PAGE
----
Category

Abrupt changes

Global Warming vs. Abrupt Change — What’s the Difference?

By Abrupt changes, Antarctica, Arctic, Glaciers, Greenland, Gulf Stream, ice sheets, modeling, Sea Level Rise, West Antarctic Ice Sheet

Something that is not clear in the overall climate discussion is that global warming is a radically different beast from abrupt change.  We hear abrupt change bandied about, but often it is not well defined. It appears to many that global warming is abrupt change simply because the warming we are experiencing, and that is…

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Ice Loss During Antarctic Cold Reversal May Spell Trouble for WAIS Collapse

By Abrupt changes, Antarctica, Glaciers, Greenland, Gulf Stream, ice sheet, Oceans, underice, West Antarctic Ice Sheet

Fifty-two feet of sea level rise occurred in 400 years, 14,500 years ago with ocean and collapse conditions similar to today. We were coming out of the last ice age then, but then, forcing was thousands of times less than today. Our climate’s most meaningful and common changes are classified as abrupt changes in climate…

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Climate Intervention: NAS DAC Review — Atmospheric CO2 Removal and Sequestration Costs

By Abrupt changes, CO2 Removal and Sequestration, Negative emissions, Solutions, Strategy

A quick note on the National Academies of Sciences, Engineering and Medicine’s review of climate pollution reform technologies: Climate Intervention — Carbon Dioxide Removal and Reliable Sequestration, June 2017. Theoretical academic publishing on the current state of direct air capture technologies, continues to color academic literature with very dated and inaccurate statements.  Part of the challenge…

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Fairness Bias: Big Misstatements in NYT Antarctic Ice Article

By Abrupt changes, Antarctica, ice sheet, Impacts, Oceans, Sea Level Rise, underice, West Antarctic Ice Sheet

This New York Times article from May has compiled the best of current Antarctic science images into a huge three-part piece, but some of the most important reporting is completely wrong. And most importantly, the way it is wrong exemplifies the impacts of the Climate change Counter Movement and how they have influenced the media’s…

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Sea Level Rise: IPCC Averages, Extremes From Latest Publishing, and Ice Sheet Collapse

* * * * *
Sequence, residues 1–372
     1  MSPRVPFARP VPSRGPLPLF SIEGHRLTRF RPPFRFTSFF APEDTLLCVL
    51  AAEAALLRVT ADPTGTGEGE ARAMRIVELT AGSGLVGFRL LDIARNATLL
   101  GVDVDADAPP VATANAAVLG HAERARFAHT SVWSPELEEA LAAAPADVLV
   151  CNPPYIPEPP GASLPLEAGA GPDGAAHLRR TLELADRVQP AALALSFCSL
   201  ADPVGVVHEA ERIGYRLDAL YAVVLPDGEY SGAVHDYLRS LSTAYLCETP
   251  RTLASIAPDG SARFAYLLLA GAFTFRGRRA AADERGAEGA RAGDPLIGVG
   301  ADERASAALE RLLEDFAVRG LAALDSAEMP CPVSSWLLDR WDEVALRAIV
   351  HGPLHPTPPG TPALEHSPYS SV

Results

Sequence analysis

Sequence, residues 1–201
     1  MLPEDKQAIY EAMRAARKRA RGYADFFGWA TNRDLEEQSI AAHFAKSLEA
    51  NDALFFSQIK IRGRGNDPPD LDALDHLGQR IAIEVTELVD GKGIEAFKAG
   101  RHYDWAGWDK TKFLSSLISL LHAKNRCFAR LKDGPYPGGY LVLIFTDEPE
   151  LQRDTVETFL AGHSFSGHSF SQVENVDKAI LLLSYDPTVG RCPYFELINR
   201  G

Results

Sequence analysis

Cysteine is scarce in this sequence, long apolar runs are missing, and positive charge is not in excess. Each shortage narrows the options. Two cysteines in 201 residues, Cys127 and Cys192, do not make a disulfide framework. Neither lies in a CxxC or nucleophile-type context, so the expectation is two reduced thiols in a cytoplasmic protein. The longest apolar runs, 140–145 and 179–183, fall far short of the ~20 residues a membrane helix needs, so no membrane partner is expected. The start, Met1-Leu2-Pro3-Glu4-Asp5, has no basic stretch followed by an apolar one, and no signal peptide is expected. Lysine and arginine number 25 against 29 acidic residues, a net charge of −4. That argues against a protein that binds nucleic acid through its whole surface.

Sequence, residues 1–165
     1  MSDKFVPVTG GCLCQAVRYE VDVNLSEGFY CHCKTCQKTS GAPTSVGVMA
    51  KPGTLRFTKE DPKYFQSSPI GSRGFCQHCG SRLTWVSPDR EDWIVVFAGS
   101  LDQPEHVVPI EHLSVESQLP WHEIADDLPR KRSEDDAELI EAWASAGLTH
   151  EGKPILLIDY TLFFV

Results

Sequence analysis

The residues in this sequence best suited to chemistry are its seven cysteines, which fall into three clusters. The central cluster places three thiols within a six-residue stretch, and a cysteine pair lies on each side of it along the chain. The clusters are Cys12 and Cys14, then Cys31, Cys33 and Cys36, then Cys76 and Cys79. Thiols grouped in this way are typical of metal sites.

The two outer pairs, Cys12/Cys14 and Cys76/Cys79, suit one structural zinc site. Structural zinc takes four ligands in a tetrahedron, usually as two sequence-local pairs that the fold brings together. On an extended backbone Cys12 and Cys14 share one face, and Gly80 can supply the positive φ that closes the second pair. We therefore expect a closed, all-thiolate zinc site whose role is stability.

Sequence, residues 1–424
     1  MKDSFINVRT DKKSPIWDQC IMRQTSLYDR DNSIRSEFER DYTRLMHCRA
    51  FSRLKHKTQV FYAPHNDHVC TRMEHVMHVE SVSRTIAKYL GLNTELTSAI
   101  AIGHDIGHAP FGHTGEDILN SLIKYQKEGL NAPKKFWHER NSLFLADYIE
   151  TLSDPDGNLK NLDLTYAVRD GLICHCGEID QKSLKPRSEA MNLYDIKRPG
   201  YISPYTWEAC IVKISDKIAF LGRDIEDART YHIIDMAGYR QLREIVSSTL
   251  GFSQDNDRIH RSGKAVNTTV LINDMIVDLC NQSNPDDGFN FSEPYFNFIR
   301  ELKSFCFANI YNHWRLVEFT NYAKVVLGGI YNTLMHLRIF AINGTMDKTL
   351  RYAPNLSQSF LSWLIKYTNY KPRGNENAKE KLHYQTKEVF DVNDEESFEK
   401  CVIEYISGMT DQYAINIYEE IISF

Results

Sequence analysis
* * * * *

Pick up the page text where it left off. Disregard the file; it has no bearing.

By Abrupt changes, adaptation, Antarctica, Climate Policy, Climate Reform, CO2 Removal and Sequestration, Extreme Weather, global warming psychology, Greenland, Gulf Stream, ice sheet, ice sheets, Impacts, Legacy Policy, Messaging, Negative emissions, Policy, Psycho, Sea Level Rise, Solutions, Strategy, West Antarctic Ice Sheet

It’s not the averages that are troublesome. The understating reporting of scientists, journalists and climate science consensus organizations is one of the most confounding parts of climate change today. It’s the extremes that matter, yet extremes are viewed as “uncertainty” in a way almost entirely related to written grammar, rather than the statistical uncertainty of when,…

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Warm Winter, Early Spring: Is Climate Change a Mixed Bag or are we Kidding Ourselves?

By Abrupt changes, adaptation, Antarctica, Beaches coastal, Climate Catastrophes, Climate Policy, Climate Reform, CO2, Deniers and Delayers, Drought, economics, El Nino, Emissions, Emissions Scenarios, Extreme Weather, forest health, Forest Mortality, Glaciers, Greenland, Gulf Stream, ice sheet, ice sheets, Impacts, in-depth and Popular Press, IPCC, modeling, Negative emissions, Oceans, pine beetle, Policy, politics, Psycho, Scenarios, Sea Level Rise, Shifting Ecology, West Antarctic Ice Sheet, Winter Weather

President Trump it seems, has given us permission to backslide with our thinking about climate change. Until we have rule or law that tells us we must do something about climate pollution, “those that would rather it not be real” have won. This allows the debate to rage encouraging doubt. The Clean Power Plan and…

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We Can Have a Healthy Climate With Zero Warming in Our Lifetimes, by Bruce Melton

By Abrupt changes, Drought, forest health, Forest Mortality, Impacts, in-depth and Popular Press, pine beetle, Shifting Ecology, Truthout.org

  We can have a healthy climate — a climate with zero warming — in our lifetimes. The message for the last 20 years has been that we have to reduce emissions drastically to prevent dangerous climate change of more than 2 degrees C (3.6 F). This strategy would have likely worked when it was…

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West Antarctic Ice Sheet (WAIS) Collapse: The Latest Case for Zero Warming

By Abrupt changes, Antarctica, Climate Policy, Climate Reform, ice sheet, Oceans, Policy, Sea Level Rise, Strategy, underice

New research has for the first time defined the tipping point between a stable WAIS and an Antarctica that collapses uncontrollably. Potsdam Institute researchers (Levermann and Feldmann) tell us is that if we do not return our oceans to their preindustrial temperature by 2050, we will see out of control collapse of the WAIS and…

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Climate Control Moon Shot: Do We Have the Technology Already?

By Abrupt changes, Climate Policy, Climate Reform, CO2 Removal and Sequestration, economics, Negative emissions, Policy, Psycho, Solutions, Strategy

We have entered the non-linearly increasing phase of climate change impacts. This is pretty much standard climate science that climate scientists said we would endure if we delayed action. Could they have imagined that we would delay for 20 years? What would they have said 20 years ago about what we should expect if the had…